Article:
Expand Your Healthy Cooking Oil Choices

Peanut, Walnut, Sesame, and Other Oils Keep Meals Interesting
Peanut, Walnut, Sesame, and Other Oils Keep Meals Interesting

By now you know that a healthy diet should focus mostly on plants -- vegetables, fruits, legumes, nuts, and seeds. The same applies to cooking fats: stick to oils extracted from plants, such as olive or canola. You don't have to limit yourself to those two; there's a whole garden of options that can add variety and flavor your meals.

What's in plant oils?

Plant oils are made of fatty acids. A small portion is saturated fat -- the kind that can raise LDL (bad) cholesterol. The rest is a combination of polyunsaturated fats (famous for lowering LDL) and monounsaturated fats (such as oleic acid), which may have some ability to increase HDL (good) cholesterol. Both types of healthy unsaturated fat help fight inflammation.

The ratio of polyunsaturated and monounsaturated fat varies among oils. For example, olive, avocado, and safflower oils are high in monounsaturated fats; corn and soybean oils are high in polyunsaturated fats.

Some oils -- such as soybean, canola, walnut, and flaxseed -- are rich in a plant-based omega-3 fatty acid called alpha-linolenic acid (ALA), which may promote brain and heart health.

Which oil is healthiest?

The FDA allows oil makers to advertise the claim that daily consumption of oils containing 70% oleic acid, when substituted for oils high in saturated fat (like butter or coconut oil), may reduce the risk of heart disease. Similar health claims are allowed for soybean oil, because of its ALA content.

But you don't need to consider a particular nutrient makeup when choosing a plant oil. "It's not going to make a difference in terms of health, especially if you eat a healthy diet that includes nuts and fish; you're already getting a mix of polyunsaturated and monounsaturated fats," says Teresa Fung, adjunct professor in the Department of Nutrition at the Harvard T.H. Chan School of ­Public Health.

Keep in mind, though: Plant oils are healthy fats, but like all fats, they're high in calories. One gram of fat has more than twice the number of calories as one gram of carbohydrates or protein. For each tablespoon of olive or canola oil you're getting about 120 calories per tablespoon, so calories can add up quickly.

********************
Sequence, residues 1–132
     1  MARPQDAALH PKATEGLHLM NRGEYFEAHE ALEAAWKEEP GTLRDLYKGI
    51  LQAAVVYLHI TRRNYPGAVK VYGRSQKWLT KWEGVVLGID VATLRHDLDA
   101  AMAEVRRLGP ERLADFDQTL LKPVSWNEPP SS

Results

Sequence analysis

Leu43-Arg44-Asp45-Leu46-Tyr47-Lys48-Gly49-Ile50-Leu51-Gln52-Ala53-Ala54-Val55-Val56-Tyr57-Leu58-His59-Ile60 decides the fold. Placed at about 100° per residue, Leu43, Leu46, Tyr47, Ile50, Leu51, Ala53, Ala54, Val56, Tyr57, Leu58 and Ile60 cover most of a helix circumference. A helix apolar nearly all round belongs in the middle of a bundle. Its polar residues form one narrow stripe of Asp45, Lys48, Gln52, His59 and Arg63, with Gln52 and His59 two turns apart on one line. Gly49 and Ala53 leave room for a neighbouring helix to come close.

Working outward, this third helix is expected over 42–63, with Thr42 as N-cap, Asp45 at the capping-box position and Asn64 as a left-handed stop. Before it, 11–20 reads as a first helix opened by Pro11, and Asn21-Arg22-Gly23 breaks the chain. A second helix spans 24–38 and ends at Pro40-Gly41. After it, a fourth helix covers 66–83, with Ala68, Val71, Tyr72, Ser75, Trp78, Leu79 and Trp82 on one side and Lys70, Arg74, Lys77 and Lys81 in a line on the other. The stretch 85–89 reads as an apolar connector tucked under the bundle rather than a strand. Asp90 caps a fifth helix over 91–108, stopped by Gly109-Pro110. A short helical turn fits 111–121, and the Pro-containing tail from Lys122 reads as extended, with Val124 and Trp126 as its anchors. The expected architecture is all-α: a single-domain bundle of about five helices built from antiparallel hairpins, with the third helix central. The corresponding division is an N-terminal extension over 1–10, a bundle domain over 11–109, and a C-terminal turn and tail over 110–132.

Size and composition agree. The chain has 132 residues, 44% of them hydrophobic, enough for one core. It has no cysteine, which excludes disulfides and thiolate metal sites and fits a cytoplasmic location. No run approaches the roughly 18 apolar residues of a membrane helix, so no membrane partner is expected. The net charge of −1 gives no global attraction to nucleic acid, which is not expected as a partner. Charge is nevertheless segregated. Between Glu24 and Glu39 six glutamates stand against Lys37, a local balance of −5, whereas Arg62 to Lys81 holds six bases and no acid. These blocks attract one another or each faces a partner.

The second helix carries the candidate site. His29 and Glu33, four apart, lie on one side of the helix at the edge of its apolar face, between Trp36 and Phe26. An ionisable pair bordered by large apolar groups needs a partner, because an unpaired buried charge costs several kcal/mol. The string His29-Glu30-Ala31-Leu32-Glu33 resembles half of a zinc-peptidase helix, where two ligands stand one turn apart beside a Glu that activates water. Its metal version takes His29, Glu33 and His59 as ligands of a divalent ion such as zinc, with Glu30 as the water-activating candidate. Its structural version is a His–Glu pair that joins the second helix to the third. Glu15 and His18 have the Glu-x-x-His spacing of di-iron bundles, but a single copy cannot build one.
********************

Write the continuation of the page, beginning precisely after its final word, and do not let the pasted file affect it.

Cooking stability

One thing that differentiates various plant oils is their stability when used in cooking.

High heat causes molecules in oils to break apart, burn, become bitter, lose nutrients, and release smoke. Most oils have a "smoke point" between 400° and 500°. "You won't reach that point unless you are heating oil very high to deep-fry food. You lose the oil's health benefit when the high temperature breaks down fatty acids. Also, deep-fried foods absorb oil and add more calories to your meal," Fung says.

Sturdy oils good for sautéing, stir-frying, or roasting foods include avocado, canola, corn, grapeseed, regular or light olive oil (not virgin or extra-virgin), peanut, rice bran, safflower, soybean, and sunflower oils.

Oils that have a low smoke point can lose flavor and structure quickly at high heat, so they're better for drizzling on food or using in a salad dressing. These include flaxseed oil, extra-virgin or virgin olive oil, certain nut oils (almond, hazelnut, macadamia, pistachio, or walnut), and sesame oil. "Sesame oil is fragile. When I grew up in Hong Kong and we'd make noodle soup, we'd add sesame oil on top just before we ate it -- not during cooking. That way the oil retained its flavor," Fung says.

Understanding olive oils

Olive oil is high in antioxidants and monounsaturated fats. The oil comes in several grades. You can tell them apart only by their names.

Unrefined olive oils, extracted from the paste of pressed olives, are the most flavorful. The highest grade is called "extra-virgin olive oil" or EVOO. "Virgin" olive oil is a lower grade with some impurities.

Refined olive oils, treated with heat and chemicals to remove impurities, have less flavor than unrefined olive oil. They are called simply "olive oil" or "light olive oil" -- the latter named only for its light color. Refined olive oils are sturdiest for cooking.

When should you use each one?

The type of plant oil you use depends on the dish and your preference. Some cuisines rely on certain oil flavors. For example, use

almond, peanut, or sesame oil in Asian food

olive or sesame oil in Middle Eastern food

olive oil in Mediterranean food.

If you want a neutral oil that won't overpower food, use avocado, canola, grapeseed, safflower, or sunflower oil. For a stronger flavor, try flaxseed or nut oil. A good way to experiment: try various oils in a salad or on bread.

Harvard Health Letter